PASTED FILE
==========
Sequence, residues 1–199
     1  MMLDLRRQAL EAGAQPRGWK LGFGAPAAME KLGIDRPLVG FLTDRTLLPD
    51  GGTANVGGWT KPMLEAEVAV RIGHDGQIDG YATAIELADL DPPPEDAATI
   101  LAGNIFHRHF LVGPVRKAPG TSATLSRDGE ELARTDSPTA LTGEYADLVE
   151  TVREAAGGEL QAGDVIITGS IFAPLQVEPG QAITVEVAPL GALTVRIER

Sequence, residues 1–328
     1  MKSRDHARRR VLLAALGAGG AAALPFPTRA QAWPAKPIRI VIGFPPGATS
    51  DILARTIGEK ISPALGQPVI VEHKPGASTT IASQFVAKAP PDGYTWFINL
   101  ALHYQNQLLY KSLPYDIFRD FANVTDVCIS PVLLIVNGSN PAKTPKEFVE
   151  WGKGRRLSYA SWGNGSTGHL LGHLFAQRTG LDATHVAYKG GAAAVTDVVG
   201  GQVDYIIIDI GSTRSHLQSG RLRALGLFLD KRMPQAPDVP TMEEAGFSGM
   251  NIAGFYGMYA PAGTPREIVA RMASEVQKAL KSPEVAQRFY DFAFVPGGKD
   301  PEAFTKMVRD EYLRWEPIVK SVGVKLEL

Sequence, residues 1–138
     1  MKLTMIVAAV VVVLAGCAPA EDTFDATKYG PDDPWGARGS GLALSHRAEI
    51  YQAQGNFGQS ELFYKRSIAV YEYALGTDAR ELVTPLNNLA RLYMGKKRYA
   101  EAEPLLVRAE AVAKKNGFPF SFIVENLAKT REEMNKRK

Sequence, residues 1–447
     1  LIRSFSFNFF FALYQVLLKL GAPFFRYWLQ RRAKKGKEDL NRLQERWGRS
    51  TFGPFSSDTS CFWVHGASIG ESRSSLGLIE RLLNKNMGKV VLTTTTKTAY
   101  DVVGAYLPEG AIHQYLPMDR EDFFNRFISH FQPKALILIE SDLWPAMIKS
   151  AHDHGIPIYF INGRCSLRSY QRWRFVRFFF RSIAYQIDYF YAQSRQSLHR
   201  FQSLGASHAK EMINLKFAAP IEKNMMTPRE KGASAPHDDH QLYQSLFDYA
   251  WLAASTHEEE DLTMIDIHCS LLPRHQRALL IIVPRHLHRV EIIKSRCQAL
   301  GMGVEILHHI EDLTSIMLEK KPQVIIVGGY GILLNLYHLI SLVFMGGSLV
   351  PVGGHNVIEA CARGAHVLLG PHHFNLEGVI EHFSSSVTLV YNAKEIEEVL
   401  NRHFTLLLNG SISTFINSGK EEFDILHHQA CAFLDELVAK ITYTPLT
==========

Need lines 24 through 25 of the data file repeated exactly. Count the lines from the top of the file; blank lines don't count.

   251  WLAASTHEEE DLTMIDIHCS LLPRHQRALL IIVPRHLHRV EIIKSRCQAL
   301  GMGVEILHHI EDLTSIMLEK KPQVIIVGGY GILLNLYHLI SLVFMGGSLV